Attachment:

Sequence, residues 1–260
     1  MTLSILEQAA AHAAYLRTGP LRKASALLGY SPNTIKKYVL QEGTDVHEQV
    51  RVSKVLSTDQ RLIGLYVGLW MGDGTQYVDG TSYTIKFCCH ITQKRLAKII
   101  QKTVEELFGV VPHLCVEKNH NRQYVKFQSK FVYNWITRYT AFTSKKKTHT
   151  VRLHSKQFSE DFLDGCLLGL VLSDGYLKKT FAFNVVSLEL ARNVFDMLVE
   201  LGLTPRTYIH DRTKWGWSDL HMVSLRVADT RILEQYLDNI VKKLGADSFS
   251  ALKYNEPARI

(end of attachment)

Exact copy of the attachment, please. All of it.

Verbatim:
Sequence, residues 1–260
     1  MTLSILEQAA AHAAYLRTGP LRKASALLGY SPNTIKKYVL QEGTDVHEQV
    51  RVSKVLSTDQ RLIGLYVGLW MGDGTQYVDG TSYTIKFCCH ITQKRLAKII
   101  QKTVEELFGV VPHLCVEKNH NRQYVKFQSK FVYNWITRYT AFTSKKKTHT
   151  VRLHSKQFSE DFLDGCLLGL VLSDGYLKKT FAFNVVSLEL ARNVFDMLVE
   201  LGLTPRTYIH DRTKWGWSDL HMVSLRVADT RILEQYLDNI VKKLGADSFS
   251  ALKYNEPARI